Kantar’s social media report has found that Chinese respondents are generally happy with changes brought by social media. People born in 1990s (post-90s) showed more caution against negative impacts of social media.
WeChat continues its dominance, however, its growth has largely slowed down. Weibo is making a comeback, many new and old social media platforms are managing to find value developing niche user groups.
Growth of Social Media Platforms in China
While usage penetration and daily active user base keep increasing among all WeChat users, its popularity among 18 to 25 years old had a slight decrease according to Kantar’s research.
Weibo penetration rate had a significant increase, and its influence among younger generation rose.
QQ penetration rate remains unchanged, but usage is increasing among younger users.
Old age groups represent the social media growth hotspots.
“Makeup before leaving home” has been accepted by more female social media users in China. Chinese social media users aren’t necessarily always on the go: they prefer to stay home if nothing special is going on. Inner beauty has a greater recognition among them, and they are more increasingly ready to join charitable causes.
Social Media is Everywhere
Social media not only refers to applications like WeChat, Weibo, QQ and Momo, but also includes thsoe with social functions in video, news, e-commerce, etc.
Mango TV, the video app launched by Hunan Satellite TV Station, is expanding quickly among the young users.
Mobile news app Toutiao grows rapidly
The most recognized positive feature of social media is to help people keep track of friends and family members, followed by following trending topics and learning new knowledge.
Female users feel social media is helpful in making purchasing decisions, relieving pressure and enhancing self-confidence.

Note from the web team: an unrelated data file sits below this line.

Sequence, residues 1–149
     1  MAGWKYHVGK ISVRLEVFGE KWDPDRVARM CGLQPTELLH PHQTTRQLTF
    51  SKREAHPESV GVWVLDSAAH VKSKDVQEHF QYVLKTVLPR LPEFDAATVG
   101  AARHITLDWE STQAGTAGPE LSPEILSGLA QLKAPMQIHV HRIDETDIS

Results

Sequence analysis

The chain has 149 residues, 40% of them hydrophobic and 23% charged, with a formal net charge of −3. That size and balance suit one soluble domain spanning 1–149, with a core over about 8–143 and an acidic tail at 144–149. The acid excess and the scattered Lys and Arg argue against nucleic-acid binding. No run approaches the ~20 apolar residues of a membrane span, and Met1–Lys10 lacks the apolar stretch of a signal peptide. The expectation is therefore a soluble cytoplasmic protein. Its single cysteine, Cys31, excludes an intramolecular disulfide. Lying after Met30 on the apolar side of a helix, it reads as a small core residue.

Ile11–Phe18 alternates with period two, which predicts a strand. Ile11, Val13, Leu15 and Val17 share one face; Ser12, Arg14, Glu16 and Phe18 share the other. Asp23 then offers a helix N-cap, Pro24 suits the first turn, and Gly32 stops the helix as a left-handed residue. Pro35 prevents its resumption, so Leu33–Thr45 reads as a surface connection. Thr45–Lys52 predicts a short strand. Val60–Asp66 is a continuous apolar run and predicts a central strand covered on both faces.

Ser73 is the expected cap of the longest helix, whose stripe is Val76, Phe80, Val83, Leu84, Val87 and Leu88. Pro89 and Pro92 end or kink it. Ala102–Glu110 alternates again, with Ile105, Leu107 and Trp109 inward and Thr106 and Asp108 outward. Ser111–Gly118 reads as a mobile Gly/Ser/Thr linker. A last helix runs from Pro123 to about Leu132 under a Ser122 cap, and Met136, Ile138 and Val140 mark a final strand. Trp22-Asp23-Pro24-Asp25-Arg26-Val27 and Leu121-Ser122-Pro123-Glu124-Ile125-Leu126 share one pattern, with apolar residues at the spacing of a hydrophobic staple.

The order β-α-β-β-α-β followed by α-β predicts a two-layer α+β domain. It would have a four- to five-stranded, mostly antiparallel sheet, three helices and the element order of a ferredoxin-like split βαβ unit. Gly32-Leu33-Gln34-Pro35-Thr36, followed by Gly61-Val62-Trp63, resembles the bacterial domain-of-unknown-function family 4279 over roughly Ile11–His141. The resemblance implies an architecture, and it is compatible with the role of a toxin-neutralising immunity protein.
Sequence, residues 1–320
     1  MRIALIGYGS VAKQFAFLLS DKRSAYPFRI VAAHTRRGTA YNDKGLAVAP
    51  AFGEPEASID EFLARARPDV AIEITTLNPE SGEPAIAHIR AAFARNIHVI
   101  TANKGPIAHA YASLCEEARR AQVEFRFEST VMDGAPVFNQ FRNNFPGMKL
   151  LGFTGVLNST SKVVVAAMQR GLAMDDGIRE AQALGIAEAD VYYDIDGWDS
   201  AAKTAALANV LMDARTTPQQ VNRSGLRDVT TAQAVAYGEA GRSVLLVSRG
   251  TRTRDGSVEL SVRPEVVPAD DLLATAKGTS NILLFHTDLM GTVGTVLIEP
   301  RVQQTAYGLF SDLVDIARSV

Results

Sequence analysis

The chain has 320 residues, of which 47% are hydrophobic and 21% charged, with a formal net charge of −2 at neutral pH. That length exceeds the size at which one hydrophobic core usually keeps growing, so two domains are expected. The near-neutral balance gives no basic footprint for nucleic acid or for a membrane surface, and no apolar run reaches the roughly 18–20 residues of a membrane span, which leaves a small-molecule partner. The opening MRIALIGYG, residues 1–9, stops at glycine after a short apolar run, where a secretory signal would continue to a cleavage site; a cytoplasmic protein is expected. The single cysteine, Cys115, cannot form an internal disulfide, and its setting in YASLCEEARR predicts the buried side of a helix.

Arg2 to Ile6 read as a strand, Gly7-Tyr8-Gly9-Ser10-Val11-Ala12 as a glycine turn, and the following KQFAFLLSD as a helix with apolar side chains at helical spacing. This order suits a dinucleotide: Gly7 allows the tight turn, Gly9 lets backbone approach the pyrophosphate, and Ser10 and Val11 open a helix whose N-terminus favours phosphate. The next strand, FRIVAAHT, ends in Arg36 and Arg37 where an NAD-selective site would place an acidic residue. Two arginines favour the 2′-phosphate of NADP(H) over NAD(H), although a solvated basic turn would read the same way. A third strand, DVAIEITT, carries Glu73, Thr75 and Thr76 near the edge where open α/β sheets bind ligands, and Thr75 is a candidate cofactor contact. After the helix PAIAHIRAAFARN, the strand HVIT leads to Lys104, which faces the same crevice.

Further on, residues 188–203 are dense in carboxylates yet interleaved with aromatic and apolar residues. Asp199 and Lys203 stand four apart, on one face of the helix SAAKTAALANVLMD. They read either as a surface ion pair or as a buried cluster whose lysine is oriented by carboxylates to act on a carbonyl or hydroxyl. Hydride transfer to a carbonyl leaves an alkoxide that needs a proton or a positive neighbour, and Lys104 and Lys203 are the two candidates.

Younger generations see social media as an important way of relieving stress. Older generations use it for effectively communicating with friends and family members.
Social media also creates negative impacts in China:
Younger social media users in China are more aware of negative impact brought by social media who are more cautious against impulsiveness, loss of concentration, negative values online, and etc. 90% have taken actions to control the damage, and self-discipline was the most chosen path.
Around 40% of the 90s respondents said they turned off social media app notification.
More than 95% users admit they pay attention to the level of personal information they share on social media according to the survey by Kantar.
Most social media users selectively pay attention to social ads, dominated by Tencent and Weibo. The most important factor is whether it is “humorous and interesting”. The second most important factor is the ads’ relevance with the audience.
Chinese consumers want ad (in all formats) with humor, music and interesting stories.
Most users feel social ads are quite relevant to them.
WeChat is the most satisfying app. Life service reviewing apps/sites, such as Dianping and Ctrip, ranked second at 81.7, followed by social functions on e-commerce platforms (81.2).
WeChat stands out in both usage rate and user ratings; and, dating social networks haven’t made an impact in China yet.
Weibo received particularly positive scores by younger generations: the younger the users are, the higher score they’d give Weibo. The post-90s gave it 79.3 score. Weibo’s monthly penetration rate grew by 3.7 percentage points in April from a year ago to 35.7%. While the penetration rate among the 18-25 age group jumped 13.7 percentage points to 45.9%.
Post-80s users give the highest rating for dating social networks, probably because it is most in demand among them due to their life stage (generally, marriage is a pressing and sometimes depressing issue in China when one reaches a certain age).
Social function within video/live streaming platform is popular among post-80s and post-90s.
Social function within news apps gets a score of 79.7, and are preferred by users in tier-1 cities in China.